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Scientific Programming
Volume 12 (2004), Issue 1, Pages 1-23

A Mobility and Traffic Generation Framework for Modeling and Simulating Ad Hoc Communication Networks

Chris Barrett,1 Martin Drozda,2,3 Madhav V. Marathe,1 S.S. Ravi,3 and James P. Smith1

1Basic and Applied Simulation Science (CCS-5) Los Alamos National Laboratory, MS M997, P.O. Box 1663, Los Alamos, NM 87545, USA
2University of Hamover, FG Simulation and Modellierung, Welfengarton 1, 30167 Hannover, Germany
3Basic and Applied Simulation Sciences Group, Los Alamos National Laboratory, USA

Received 17 February 2004; Accepted 17 February 2004

Copyright © 2004 Hindawi Publishing Corporation. This is an open access article distributed under the Creative Commons Attribution License, which permits unrestricted use, distribution, and reproduction in any medium, provided the original work is properly cited.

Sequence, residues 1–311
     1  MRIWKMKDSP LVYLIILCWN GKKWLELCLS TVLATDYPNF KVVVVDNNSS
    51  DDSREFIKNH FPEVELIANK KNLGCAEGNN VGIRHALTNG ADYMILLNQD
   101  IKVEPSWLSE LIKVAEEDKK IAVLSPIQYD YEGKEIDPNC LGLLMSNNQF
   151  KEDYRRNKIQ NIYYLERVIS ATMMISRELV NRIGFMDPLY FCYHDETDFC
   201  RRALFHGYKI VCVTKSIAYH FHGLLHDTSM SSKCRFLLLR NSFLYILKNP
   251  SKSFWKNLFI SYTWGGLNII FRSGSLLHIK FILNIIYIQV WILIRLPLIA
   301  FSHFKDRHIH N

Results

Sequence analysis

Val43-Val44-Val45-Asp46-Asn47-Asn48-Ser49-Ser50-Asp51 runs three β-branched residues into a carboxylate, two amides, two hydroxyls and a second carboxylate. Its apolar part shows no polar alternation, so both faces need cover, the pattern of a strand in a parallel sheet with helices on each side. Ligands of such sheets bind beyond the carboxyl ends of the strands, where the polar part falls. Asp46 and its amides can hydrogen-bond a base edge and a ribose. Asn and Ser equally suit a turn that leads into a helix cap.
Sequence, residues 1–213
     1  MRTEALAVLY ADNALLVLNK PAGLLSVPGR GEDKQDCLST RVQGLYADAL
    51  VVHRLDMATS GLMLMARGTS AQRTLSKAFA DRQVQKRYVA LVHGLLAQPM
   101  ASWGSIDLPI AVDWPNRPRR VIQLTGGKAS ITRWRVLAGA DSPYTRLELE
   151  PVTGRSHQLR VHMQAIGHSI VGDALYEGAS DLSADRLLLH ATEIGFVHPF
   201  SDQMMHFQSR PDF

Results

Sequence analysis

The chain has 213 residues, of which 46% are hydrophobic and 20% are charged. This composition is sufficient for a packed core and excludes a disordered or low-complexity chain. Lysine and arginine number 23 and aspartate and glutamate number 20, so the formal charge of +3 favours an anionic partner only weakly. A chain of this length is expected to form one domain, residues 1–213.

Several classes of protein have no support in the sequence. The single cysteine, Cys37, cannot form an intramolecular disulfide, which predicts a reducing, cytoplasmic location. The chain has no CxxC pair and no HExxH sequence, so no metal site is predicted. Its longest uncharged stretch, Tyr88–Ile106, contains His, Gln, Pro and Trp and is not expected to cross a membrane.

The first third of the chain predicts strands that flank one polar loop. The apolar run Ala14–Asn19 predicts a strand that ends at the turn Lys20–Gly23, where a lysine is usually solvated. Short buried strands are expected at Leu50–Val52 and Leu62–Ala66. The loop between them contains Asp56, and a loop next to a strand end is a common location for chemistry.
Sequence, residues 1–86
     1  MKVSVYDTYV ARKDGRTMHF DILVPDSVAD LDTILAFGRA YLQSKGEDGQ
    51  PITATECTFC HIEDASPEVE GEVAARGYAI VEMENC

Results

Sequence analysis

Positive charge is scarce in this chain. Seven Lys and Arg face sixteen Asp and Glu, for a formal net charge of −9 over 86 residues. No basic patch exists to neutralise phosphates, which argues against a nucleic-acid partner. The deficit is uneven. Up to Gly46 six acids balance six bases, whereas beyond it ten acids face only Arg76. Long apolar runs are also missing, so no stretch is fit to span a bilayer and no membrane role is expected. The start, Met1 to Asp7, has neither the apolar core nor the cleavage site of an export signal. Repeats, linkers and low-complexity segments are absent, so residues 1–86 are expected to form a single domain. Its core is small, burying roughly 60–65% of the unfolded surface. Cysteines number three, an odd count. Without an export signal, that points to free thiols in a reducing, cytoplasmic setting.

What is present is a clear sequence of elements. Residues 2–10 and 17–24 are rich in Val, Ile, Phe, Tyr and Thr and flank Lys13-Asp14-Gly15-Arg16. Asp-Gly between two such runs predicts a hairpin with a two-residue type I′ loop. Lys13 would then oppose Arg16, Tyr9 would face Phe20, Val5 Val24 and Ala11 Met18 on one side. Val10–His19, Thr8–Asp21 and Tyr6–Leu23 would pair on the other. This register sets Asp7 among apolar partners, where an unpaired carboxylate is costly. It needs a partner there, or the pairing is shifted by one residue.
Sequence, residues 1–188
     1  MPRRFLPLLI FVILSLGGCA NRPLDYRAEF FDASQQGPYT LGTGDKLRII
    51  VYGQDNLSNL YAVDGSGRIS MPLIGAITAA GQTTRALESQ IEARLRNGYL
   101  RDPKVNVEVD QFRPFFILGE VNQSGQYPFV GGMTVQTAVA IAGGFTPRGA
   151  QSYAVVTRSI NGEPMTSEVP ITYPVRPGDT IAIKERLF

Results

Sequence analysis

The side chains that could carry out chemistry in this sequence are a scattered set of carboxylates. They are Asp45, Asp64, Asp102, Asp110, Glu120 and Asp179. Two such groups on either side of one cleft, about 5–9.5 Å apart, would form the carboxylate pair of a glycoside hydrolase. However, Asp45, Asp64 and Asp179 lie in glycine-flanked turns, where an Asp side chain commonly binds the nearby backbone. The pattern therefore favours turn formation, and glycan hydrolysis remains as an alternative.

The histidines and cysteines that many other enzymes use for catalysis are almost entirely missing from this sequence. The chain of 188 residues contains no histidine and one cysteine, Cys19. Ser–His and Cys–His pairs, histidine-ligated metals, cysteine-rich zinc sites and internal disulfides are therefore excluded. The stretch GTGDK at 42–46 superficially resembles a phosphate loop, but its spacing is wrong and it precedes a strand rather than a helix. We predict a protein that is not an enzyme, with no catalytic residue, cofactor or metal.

We present a generic mobility and traffic generation framework that can be incorporated into a tool for modeling and simulating large scale ad~hoc networks. Three components of this framework, namely a mobility data generator (MDG), a graph structure generator (GSG) and an occlusion modification tool (OMT) allow a variety of mobility models to be incorporated into the tool. The MDG module generates positions of transceivers at specified time instants. The GSG module constructs the graph corresponding to the ad hoc network from the mobility data provided by MDG. The OMT module modifies the connectivity of the graph produced by GSG to allow for occlusion effects. With two other modules, namely an activity data generator (ADG) which generates packet transmission activities for transceivers and a packet activity simulator (PAS) which simulates the movement and interaction of packets among the transceivers, the framework allows the modeling and simulation of ad hoc communication networks. The design of the framework allows a user to incorporate various realistic parameters crucial in the simulation. We illustrate the utility of our framework through a comparative study of three mobility models. Two of these are synthetic models (random waypoint and exponentially correlated mobility) proposed in the literature. The third model is based on an urban population mobility modeling tool (TRANSIMS) developed at the Los Alamos National Laboratory. This tool is capable of providing comprehensive information about the demographics, mobility and interactions of members of a large urban population. A comparison of these models is carried out by computing a variety of parameters associated with the graph structures generated by the models. There has recently been interest in the structural properties of graphs that arise in real world systems. We examine two aspects of this for the graphs created by the mobility models: change associated with power control (range of transceivers) and variation in time as transceivers move in space.